While the short time crude outlook continues to remain murky, the medium- to long-term outlook is also not rosy, the World Oil Outlook (WOO) 2019, released last week by the Oragnisation of the Petroleum Exporting Countries (Opec) concedes.
Owing to a weakening global economy, rising output elsewhere, and pressure from climate activists, demand for its oil over the next few years could be drastically weaker than previously thought, the outlook admits.
It said that demand for its oil may only reach 32.8 million barrels per day (mbpd) by 2024 - substantially lower than the 35mbpd in 2019, while it expects the supply of US tight oil to reach 16.9mbpd in 2024 from 12mbpd in 2019. It, however, underlines that the expansion in US output would ultimately slowdown and peak at 17.4mbpd in 2029.
For the first time since 1978, courtesy the shale revolution, the US recorded a surplus in the petroleum trade, at $252m in September, the US government data showed last week. The value of US petroleum exports stood at $14.966bn, while imports were at $14.714bn, resulting in the first surplus in the US oil trade in 41 years.
Climate change is also getting into the Opec calculations. The attention paid to the risks of demand destruction in the Opec report is also notable. The phrase “climate change” appears nearly 50 times in the report and it also acknowledged that electric vehicles are “gaining momentum,” Nick Cunningham writing for Oilprice.com pointed out.
The Opec report, however, emphasised it was “fully engaged and supportive of the Paris Agreement”.
In his preface, Opec Secretary-General Mohammad Barkindo continued to sound optimistic about Opec’s relevance. While renewables lead the way in growth going forward, he emphasised, “oil and gas are still forecast to meet more than 50pc of the world’s energy needs” in 2040.
Opec has also cut its medium- and long-term oil demand forecasts. “At the global level, growth is forecast to slow from a level of 1.4mbpd in 2018 to around 0.5mbpd towards the end of the next decade,” it added.
Demand destruction is also getting on the Opec radar. The organisation, which pumps almost a third of global oil supply, now sees oil consumption in 2023 reaching 103.9mbpd, down from 104.5mbpd projected in the last year’s report. Longer-term, oil demand is expected to increase by 12mbpd to reach 110.6mbpd by 2040, also lower than last year’s forecast.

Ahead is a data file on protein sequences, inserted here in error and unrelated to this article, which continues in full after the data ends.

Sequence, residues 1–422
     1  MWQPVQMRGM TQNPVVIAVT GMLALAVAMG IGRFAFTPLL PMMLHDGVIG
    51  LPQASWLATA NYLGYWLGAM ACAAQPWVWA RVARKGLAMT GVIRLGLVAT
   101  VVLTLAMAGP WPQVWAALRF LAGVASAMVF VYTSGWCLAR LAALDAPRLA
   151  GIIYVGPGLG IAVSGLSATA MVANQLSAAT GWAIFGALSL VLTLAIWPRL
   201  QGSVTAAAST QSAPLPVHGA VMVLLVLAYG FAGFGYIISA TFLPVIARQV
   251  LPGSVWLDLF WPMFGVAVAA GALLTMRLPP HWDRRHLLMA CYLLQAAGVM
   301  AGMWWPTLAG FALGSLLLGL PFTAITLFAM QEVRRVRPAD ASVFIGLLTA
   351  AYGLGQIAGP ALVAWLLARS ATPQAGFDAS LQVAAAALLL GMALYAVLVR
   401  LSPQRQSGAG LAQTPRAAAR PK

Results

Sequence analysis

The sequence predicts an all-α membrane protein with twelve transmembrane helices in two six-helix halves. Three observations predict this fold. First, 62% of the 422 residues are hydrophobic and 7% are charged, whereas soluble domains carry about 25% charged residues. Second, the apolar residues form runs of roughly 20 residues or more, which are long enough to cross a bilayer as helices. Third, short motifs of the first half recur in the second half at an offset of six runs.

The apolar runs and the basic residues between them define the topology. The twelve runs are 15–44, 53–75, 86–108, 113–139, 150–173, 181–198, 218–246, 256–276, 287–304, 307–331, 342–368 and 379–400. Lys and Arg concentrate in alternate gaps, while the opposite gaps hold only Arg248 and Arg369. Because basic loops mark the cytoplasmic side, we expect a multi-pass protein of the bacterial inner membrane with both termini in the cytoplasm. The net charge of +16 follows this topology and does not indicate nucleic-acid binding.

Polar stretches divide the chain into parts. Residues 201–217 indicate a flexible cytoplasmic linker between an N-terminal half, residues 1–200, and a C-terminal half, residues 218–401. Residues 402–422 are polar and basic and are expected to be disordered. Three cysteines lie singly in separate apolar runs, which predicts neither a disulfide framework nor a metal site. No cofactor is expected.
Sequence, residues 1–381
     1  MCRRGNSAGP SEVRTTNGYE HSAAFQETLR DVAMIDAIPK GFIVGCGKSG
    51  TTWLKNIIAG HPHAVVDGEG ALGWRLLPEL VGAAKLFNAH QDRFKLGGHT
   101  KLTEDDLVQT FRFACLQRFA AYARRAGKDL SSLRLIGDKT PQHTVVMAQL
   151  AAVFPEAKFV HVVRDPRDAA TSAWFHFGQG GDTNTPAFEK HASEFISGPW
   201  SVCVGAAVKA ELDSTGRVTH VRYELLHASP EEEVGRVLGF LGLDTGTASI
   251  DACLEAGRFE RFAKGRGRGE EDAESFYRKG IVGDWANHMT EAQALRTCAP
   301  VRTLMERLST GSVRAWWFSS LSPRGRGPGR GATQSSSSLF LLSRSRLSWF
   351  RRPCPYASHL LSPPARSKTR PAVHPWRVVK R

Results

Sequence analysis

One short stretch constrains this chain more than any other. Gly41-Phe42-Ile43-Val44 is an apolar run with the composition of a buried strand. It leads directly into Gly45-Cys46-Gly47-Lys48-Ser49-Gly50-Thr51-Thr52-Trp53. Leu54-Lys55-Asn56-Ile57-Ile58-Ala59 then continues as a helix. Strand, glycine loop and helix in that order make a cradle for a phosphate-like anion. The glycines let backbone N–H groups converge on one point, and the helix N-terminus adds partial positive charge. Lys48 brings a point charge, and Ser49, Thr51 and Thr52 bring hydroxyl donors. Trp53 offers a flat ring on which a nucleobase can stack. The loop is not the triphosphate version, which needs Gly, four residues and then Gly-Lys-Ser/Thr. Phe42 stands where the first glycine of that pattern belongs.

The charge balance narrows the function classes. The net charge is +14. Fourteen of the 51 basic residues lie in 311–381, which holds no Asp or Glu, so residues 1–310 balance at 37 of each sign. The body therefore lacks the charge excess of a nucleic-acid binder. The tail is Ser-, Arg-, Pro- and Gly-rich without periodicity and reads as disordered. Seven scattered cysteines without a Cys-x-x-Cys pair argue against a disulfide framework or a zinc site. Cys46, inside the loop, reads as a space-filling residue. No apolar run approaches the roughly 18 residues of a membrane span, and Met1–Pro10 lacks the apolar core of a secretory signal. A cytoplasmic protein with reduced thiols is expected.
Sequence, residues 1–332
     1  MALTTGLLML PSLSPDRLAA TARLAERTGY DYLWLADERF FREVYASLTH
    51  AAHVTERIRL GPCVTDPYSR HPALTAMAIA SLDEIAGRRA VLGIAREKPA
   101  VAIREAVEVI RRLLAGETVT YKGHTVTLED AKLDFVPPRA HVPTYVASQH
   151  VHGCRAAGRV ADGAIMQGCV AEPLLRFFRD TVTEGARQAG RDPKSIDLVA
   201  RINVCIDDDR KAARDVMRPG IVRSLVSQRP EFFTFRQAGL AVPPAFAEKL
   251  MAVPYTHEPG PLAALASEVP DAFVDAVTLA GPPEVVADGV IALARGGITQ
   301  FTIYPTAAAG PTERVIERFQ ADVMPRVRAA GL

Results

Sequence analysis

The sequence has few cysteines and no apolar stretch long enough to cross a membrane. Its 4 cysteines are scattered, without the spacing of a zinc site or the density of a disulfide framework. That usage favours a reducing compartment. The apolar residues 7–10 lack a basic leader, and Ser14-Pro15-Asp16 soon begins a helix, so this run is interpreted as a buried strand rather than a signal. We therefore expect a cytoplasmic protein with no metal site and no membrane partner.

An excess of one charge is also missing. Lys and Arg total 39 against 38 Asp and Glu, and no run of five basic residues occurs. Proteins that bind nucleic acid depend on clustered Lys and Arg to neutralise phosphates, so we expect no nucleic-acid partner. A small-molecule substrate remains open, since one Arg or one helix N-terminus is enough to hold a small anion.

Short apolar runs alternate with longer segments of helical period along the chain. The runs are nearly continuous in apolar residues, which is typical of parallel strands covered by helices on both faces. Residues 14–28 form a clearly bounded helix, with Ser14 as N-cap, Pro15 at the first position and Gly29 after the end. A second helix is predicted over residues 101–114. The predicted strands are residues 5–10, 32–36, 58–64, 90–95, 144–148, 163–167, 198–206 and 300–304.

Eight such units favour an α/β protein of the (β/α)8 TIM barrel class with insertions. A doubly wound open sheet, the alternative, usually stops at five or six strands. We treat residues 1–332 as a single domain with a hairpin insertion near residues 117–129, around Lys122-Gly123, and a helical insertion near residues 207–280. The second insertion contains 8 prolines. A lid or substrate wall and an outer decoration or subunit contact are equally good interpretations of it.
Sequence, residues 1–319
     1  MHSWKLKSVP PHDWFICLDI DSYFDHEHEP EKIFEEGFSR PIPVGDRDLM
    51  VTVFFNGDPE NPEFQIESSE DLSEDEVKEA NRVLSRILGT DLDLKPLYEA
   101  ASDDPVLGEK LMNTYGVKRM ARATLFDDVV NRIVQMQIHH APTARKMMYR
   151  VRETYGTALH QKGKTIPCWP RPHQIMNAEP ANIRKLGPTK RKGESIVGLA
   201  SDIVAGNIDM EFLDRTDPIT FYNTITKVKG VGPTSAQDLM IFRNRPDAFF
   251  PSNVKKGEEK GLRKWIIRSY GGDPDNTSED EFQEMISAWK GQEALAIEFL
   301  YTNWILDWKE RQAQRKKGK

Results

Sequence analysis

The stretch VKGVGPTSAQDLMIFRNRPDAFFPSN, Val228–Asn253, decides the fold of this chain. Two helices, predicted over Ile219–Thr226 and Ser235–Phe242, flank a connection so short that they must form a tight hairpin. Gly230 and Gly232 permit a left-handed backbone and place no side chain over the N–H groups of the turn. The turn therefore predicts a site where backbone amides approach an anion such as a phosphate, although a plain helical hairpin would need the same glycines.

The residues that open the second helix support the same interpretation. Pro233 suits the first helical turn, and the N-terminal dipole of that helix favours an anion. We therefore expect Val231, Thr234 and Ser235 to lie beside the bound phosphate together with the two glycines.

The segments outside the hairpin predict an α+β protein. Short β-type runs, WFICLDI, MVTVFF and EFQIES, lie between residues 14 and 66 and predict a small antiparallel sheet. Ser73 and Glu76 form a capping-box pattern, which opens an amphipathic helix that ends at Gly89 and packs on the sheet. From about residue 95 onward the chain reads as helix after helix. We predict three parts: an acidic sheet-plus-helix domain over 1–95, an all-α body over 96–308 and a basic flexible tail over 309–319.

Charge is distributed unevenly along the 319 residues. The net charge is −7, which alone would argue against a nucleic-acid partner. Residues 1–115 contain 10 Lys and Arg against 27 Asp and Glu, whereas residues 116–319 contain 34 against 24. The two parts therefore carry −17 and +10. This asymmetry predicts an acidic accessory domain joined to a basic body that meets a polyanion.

Opec cites the recent lowering of economic growth forecasts plus efficiency gains and use of other fuels for the lower demand outlook. It now expects the oil use in industrialised countries, or those in the Organisation for Economic Cooperation and Development (OECD) countries, to decline after 2020.
Electric cars, while still a very small share of the global fleet, are “gaining momentum”, Opec admitted. They will account for nearly half of all new passenger cars in OECD countries by 2040, almost a quarter of those in China and more than 26pc globally.
Opec however, still hopes to boost production in the coming decades thanks to its abundant and cheap-to-extract resources. It expects supply from non-OPEC producers to hit a high of 72.6mbpd in 2026 and fall to 66.4mbpd by 2040.
Refuting the impression that the oil-producers are in for a doom, Barkindo said that while renewables lead the way in growth going forward, “oil and gas are still forecast to meet more than 50pc of the world’s energy needs” in 2040.
Even though the growth in consumption is slowing, “demand expands in every five-year period to the end of the time-frame,” Barkindo emphasised. As per the WOO, oil accounted for more than 31pc of global energy demand in 2018, ahead of coal (27pc) and gas (23pc). And, over the next 20 years, oil is forecast to remain the largest contributor to the energy mix, accounting for more than 28pc.
Published in Dawn, November 10th, 2019